Lance Armstrong has split with the Livestrong cancer foundation he began 15 years ago after being found guilty of doping throughout his professional riding career. According to the Bloomberg news agency, his last day as a Livestrong board member was November 4, 18 days after he stepped down as chairman.
Armstrong essentially admitted guilt and that he doped his way to seven Tour de France victories when he refused to defend himself in the US Anti-Doping Agency (USADA) case. The Union Cycliste Internationale (UCI) officially stripped him of the wins on October 22.
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He left his Livestrong chairman position on October 17 and yesterday it became public he quit the board entirely. According to Bloomberg, new chairman Jeff Garvey said it was “to spare the organisation any negative effects as a result of controversy surrounding his cycling career. We are deeply grateful to Lance for creating a cause that has served millions of cancer survivors and their families.”
Armstrong has yet to comment on the USADA’s decision. On October 10, the agency published its Reasoned Decision online and sent an expanded version to the UCI. Since then Armstrong’s support system has crumbled. One by one, long-time sponsors abandoned the 41-year-old Texan: Nike, Giro Helmets, Anheuser-Busch, Trek, SRAM, FRS, RadioShack, Honey Stinger, 24-Hour Fitness and Johnson Health Tech.
Livestrong launched the yellow wrist band in 2004 ahead of Armstrong’s sixth Tour win, with funds going to the foundation. According to some reports, those who still wear them have crossed out the v to form “Lie Strong”.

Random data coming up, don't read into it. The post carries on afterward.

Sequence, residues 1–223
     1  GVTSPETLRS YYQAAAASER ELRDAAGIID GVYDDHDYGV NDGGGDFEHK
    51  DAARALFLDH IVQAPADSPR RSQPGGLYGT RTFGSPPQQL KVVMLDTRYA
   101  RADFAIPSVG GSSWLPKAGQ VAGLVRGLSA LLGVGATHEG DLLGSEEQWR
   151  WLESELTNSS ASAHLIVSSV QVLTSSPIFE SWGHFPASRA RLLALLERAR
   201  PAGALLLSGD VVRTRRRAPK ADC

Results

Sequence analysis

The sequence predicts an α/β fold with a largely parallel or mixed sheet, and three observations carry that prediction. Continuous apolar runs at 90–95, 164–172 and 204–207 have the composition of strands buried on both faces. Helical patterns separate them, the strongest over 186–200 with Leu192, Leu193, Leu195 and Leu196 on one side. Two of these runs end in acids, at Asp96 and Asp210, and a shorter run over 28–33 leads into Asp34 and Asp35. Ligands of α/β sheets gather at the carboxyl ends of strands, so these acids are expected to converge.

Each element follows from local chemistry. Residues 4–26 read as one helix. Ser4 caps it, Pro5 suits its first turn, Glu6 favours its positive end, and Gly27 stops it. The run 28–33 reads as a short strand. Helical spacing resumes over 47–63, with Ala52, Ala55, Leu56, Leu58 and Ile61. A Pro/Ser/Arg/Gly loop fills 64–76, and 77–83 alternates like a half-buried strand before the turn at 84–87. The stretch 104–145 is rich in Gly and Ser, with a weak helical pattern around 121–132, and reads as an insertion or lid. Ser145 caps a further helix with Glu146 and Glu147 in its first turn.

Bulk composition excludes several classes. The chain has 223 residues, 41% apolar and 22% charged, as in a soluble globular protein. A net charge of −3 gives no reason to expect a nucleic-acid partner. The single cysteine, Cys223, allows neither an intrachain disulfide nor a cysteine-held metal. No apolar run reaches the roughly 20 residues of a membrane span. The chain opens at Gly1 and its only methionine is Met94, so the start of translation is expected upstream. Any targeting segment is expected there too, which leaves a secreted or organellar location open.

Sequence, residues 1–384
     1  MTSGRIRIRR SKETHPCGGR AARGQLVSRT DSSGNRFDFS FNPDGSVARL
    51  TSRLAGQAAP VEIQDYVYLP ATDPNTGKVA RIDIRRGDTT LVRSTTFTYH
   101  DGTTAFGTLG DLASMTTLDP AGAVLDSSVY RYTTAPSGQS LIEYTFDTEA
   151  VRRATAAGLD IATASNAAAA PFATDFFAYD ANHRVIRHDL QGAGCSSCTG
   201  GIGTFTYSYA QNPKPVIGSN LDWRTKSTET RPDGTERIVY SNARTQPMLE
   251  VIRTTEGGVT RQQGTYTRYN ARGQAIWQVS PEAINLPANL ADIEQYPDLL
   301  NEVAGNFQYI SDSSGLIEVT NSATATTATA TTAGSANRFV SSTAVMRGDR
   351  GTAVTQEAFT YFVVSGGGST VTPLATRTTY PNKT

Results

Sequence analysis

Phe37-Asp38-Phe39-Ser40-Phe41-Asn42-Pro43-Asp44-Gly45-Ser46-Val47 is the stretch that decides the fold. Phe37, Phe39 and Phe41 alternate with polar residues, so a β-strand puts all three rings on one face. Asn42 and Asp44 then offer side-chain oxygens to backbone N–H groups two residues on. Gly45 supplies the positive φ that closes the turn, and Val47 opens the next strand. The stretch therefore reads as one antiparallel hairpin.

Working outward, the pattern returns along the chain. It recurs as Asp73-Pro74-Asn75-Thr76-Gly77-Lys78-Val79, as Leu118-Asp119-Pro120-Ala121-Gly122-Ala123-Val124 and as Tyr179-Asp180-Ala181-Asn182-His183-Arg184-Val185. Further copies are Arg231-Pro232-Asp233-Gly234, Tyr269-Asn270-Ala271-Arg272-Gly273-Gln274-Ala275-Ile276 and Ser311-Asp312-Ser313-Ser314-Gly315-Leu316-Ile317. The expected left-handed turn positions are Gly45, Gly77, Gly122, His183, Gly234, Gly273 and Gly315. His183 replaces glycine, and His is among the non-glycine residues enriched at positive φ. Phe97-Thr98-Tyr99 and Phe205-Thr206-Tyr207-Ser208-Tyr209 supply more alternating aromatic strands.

Animated sitcom, South Park lampooned Armstrong and the wristbands in a recent episode (http://goo.gl/np9FG). “I can’t believe we all got duped,” character Eric Cartman said in the episode. “I feel like such a tool. Lying jerk.”
Armstrong, despite the ill feelings, wrote on Twitter that he is “Hanging’ in there” and posted a photo of him stretching upside down. Yesterday, he provoked the cycling world by posting “Back in Austin and just layin’ around..” and a photo of himself on the couch underneath seven framed yellow jerseys he collected from 1999 to 2005 (http://goo.gl/jHSdU).
He is a “corporate psychopath,” according to Australian expert on emotional intelligence, Chris Golis. The Australian newspaper interviewed Golis last month about Armstrong.
“Typically [corporate psychopaths] are manipulative, lack ethics, desire power and are very active players in corporate politics… Corporate psychopaths have a phenomenal desire to win or to make money and the two often go together, of course.”
Armstrong may now face several, costly legal fights. SCA Promotions announced it is demanding the return of bonuses paid, estimated at £8.5m. A US whistle blower lawsuit Floyd Landis kicked off in 2010 may go ahead, which could potentially cost Armstrong and the US Postal management company, Tailwind Sports, £90m.
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